ABC star Leigh Sales ripped into Prime Minister Malcolm Turnbull in a fiery interview on 7.30 last night, accusing him of failing to make a single, signature achievement in his two years of leading the government.
Sales was on the attack straight off the bat, with her first question knocking the PM’s legacy.
“You’ve been Prime Minister now for nearly two years. How is it possible that in all of that time you’ve not yet managed to have a signature achievement?” she asked.
In response, Turnbull listed school funding, the reduction of company tax, childcare reforms and the restoration of the Building and Construction Commission, but Sales wasn’t satisfied, noting that bringing in Commonwealth school funding was a continuation of a Labor policy.
“Look Leigh, you can be as negative as you like …” Turnbull hit back, suggesting that the Snowy Hydro project was another key achievement.
Sales wasn’t satisfied with that, either, saying that the renewable energy project – the largest in Australia’s history – was still in the feasibility study stage so couldn’t be counted as an ‘achievement’.
But Turnbull wasn’t taking that laying down, telling Sales that although she may not be interested in affordable energy, ordinary Australians were, as they were with how the government was encouraging investment, which he said the government was doing by improving infrastructure, and keeping them safe, which he said the government was addressing through tighter anti-terror laws.
“Let me say to you, when I get out into the pubs of Australia, and into the cafes and into the sidewalks, when I get out into regional Australia, what Australians are talking about is energy, they want to know what we’re doing to keep energy affordable and reliable and Snowy Hydro is a big part about that,” Turnbull said.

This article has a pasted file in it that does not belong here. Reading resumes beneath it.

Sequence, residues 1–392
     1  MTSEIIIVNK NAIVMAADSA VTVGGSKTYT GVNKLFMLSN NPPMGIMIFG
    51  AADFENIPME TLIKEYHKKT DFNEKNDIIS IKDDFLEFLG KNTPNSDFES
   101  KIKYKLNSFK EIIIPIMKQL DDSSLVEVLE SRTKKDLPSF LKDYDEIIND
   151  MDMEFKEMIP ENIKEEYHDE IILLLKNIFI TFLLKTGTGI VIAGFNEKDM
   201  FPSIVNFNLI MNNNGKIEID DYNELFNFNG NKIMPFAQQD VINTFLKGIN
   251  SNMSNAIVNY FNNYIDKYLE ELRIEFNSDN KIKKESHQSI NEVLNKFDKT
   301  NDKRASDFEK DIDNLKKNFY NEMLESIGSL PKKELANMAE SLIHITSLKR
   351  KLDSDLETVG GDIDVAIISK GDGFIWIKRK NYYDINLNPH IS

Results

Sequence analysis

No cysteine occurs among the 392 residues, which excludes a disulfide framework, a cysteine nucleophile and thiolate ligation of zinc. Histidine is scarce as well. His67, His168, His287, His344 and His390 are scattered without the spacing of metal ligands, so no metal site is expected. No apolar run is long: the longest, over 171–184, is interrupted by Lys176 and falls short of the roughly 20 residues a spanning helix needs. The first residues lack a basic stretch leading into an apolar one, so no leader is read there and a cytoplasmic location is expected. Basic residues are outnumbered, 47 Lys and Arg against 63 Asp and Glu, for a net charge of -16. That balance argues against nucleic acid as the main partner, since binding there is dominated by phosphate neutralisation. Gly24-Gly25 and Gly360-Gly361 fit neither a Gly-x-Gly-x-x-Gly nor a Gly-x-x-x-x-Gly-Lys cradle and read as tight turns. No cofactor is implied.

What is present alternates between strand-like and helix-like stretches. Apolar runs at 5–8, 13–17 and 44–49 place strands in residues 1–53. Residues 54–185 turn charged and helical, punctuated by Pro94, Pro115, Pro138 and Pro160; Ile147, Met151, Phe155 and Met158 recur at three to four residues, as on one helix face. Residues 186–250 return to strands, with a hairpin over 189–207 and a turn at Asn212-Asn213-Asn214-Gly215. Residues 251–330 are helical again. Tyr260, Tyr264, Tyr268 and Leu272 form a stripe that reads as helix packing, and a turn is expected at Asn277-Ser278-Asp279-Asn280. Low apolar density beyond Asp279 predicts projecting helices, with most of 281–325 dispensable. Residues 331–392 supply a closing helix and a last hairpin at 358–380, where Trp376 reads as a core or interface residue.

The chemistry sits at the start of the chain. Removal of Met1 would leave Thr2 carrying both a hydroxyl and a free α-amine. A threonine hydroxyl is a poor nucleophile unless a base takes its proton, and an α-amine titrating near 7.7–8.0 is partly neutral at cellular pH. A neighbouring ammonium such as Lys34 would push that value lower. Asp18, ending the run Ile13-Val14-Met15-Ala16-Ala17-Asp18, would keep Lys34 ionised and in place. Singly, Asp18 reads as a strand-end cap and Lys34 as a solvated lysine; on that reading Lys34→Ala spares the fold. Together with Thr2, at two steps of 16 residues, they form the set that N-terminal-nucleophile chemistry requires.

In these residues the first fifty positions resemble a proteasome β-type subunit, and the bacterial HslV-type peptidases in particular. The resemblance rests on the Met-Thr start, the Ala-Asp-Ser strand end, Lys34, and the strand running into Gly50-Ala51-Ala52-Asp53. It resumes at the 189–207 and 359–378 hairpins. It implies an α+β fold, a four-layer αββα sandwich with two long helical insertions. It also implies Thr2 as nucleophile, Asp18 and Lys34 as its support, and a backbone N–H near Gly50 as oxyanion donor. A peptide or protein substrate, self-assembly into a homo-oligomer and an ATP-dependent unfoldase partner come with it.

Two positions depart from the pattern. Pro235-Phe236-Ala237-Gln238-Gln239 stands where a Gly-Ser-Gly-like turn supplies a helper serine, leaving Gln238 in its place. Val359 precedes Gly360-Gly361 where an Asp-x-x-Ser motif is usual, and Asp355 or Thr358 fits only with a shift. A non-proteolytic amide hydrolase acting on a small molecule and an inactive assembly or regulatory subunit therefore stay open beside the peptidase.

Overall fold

“They want to know what we’re doing to keep them safe, they want to know what we’re doing to encourage investment and employment, that’s what they’re focused on and that’s where we’re delivering.”
The interview then descended into back-and-forth over coal-fired power stations and clean energy targets, and whether Turnbull had delivered the ‘free market government’ he promised.
“Leigh, please don’t interrupt me so much that I can’t even finish a sentence,” Turnbull asked at one point in the discussion, with Sales snapping back, “I won’t interrupt you if you answer the question”.
The interview then moved on to marriage equality and the prospect that if Nationals leader Barnaby Joyce lost a High Court decision over his citizenship, a by-election could bring about the end of the Coalition government. Joyce is one of several senators caught out by a section of the constitution that forbids members of parliament from holding dual citizenship.
The PM said that he was confident that the High Court would decide that Joyce would not be disqualified from sitting in parliament, but Sales pressed him on whether he had a contingency plan to deal with the event that the decision may go against Joyce.
“You say you don’t want to speculate on hypotheticals but again, when you first became Prime Minister and you came on this program you said you want to lead a government that respects the intelligence of the Australian people,” she asked.
“I do, I do,” Turnbull responded, prompting Sales to ask, “Do you really think the public will believe you haven’t considered the prospect of what happens if Barnaby Joyce loses in the High Court?”.
Turnbull conceded that he had considered the prospect, and that he remained confident that even in the event of a by-election, Joyce would win his seat again.
Finally, Sales brought up opinion polls, and whether Turnbull was concerned about the fact that he had lost 18 Newspolls in a row, noting that he called a spill against predecessor Tony Abbott after Abbott lost 30 in a row.
“I’m very confident we will win the next election,” the Prime Minister insisted, before attempting to cut off Sales’ questioning, saying to the presenter, “I’m really not interested in going along with this sort of political commentary that you want to engage in”, then adding to Sales, “It’s your job to run the commentary, cynical, however you want to do it, you can run that. My job is to look after Australians and ensure that they can get ahead”.